Looking at our results of the ten patients who were not given a completed cast in the first twenty four hours and therefore lost reduction in all of them, we tend to agree with Sir John Charnley who describes a reliable method of putting a plaster cast after reduction of Colles’ fracture in his book “The Closed Treatment of Common Fractures”. He stated that for mechanical reasons the ideal plaster splint is a complete circular cast for distal radius fractures. It should be moulded to a three point system against the volar aspect of the proximal fragment and the dorsal aspect of the distal fragment. To prevent radial shortening an ideal cast should have the thumb incorporated as far as the interphalangeal joint as in the case of scaphoid fracture. Sir John Charnley further emphasises that although the complete cast is superior, the plaster slab may be more convenient (Figure 1 & 2).

Figure 1: Diagram illustrating three-point moulding using the intact periosteum [13].

Figure 2: The radial plaster slab. Thick plaster at point A in order to make the plaster conform to the principles of a three point splint [13].

He emphasized the fact that the plaster slab should not merely be a dorsal slab, but it must always be a radial slab, again with the principles of three point fixation. It is essential that the slab reach the midline of the forearm on the volar aspect and should be thick enough to take a permanent impression from the surgeon’s thenar eminence while the plaster is setting.

There are two schools of thoughts regarding the relationship between the anatomical and functional outcome. One school which is supported by Sarmiento et al. [8] and Green [9], stresses the need to obtain and maintain an anatomical reduction as they have demonstrated a direct relationship between the residual deformity and mean disability. The other school, which is supported by Cassebaum [2], Dias et al. [10] and McAuliffe et al. [11] have claimed that there is no such relationship and that no person who had Colles’ fracture more than five years old had any serious functional complaints. In a review entitled “Clinical Policies on Distal Radius Fractures” produced by the American Academy of Orthopaedic Surgeons (1996), it was stated that the wrist is not a weight-bearing joint and therefore adequate function after healing is not necessarily compromised by residual metaphyseal deformity. McQueen et al. [12] seems to be in both the groups as on one side he has proved that a deformed wrist results in a weakness and pain but on the other hand has also shown that re-manipulating wrist fractures in the elderly does not gives lasting results and is not justified in this age group.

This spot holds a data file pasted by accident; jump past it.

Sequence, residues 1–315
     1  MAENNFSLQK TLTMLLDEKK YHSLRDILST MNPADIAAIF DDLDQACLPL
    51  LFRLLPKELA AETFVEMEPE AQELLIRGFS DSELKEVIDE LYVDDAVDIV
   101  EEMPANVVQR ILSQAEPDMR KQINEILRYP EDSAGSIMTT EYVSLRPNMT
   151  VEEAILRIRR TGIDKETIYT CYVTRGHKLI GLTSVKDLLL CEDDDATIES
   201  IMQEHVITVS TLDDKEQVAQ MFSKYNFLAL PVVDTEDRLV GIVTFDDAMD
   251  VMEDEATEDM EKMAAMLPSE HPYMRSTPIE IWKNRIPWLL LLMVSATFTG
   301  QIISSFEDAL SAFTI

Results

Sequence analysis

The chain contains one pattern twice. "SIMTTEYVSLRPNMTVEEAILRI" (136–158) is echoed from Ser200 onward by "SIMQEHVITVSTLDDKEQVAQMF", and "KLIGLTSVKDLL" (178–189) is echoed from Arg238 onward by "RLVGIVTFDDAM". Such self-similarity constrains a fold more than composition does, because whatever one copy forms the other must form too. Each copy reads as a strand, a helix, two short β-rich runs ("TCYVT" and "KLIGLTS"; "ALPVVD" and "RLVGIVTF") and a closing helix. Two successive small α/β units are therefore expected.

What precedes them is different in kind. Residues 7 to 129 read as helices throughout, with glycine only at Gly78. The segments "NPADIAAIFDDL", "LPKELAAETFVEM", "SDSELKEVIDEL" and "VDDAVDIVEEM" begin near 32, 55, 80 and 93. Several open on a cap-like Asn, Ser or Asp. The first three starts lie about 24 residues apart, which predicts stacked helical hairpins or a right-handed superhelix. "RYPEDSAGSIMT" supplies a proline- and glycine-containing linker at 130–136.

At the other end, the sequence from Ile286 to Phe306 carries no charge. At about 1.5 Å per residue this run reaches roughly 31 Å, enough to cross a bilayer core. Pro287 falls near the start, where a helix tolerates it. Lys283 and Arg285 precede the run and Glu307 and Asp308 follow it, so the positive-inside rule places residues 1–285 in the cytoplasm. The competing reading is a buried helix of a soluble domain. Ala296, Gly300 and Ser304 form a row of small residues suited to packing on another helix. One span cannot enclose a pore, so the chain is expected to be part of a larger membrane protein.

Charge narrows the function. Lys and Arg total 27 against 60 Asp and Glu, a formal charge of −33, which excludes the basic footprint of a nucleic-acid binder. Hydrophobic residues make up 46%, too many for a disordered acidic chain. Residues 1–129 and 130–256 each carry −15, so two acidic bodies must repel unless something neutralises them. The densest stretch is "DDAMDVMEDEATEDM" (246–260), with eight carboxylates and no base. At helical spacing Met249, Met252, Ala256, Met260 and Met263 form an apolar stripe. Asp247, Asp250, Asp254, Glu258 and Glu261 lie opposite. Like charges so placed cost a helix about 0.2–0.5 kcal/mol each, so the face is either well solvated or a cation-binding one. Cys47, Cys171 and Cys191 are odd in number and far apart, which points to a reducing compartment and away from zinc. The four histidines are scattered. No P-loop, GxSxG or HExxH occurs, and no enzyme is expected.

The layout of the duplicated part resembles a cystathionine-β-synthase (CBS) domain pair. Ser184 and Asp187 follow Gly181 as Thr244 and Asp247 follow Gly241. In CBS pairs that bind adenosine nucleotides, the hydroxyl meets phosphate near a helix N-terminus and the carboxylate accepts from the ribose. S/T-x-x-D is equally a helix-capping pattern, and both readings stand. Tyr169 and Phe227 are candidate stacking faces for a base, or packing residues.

We are unable to comment on the relationship of the anatomical and functional outcome as this is one of the weaknesses of our study that we couldn’t assess the patients functionally and only had access to the notes and X-rays.

The other weaknesses in our study are that we didn’t know the normal angles of the patient’s wrist, as didn’t have X-rays of the normal side. Although there were sixty patients treated for wrist fractures according to our protocol we only could examine the notes and X-rays of the forty patients available to us, therefore we couldn’t select the patients randomly. Bias should be minimal however, as we had no control on the selection of these patients and examined the records of only those whom we had access too. Lastly there is a potential problem with X-ray magnification. Although there is a set standard of taking antero-posterior and lateral X-rays of the injured wrist in the X-ray department, because of the pain in the injured wrist, there is no absolute control on the position of the wrist lying on the X-ray film, and it can be highly dependent on the patient’s threshold for pain.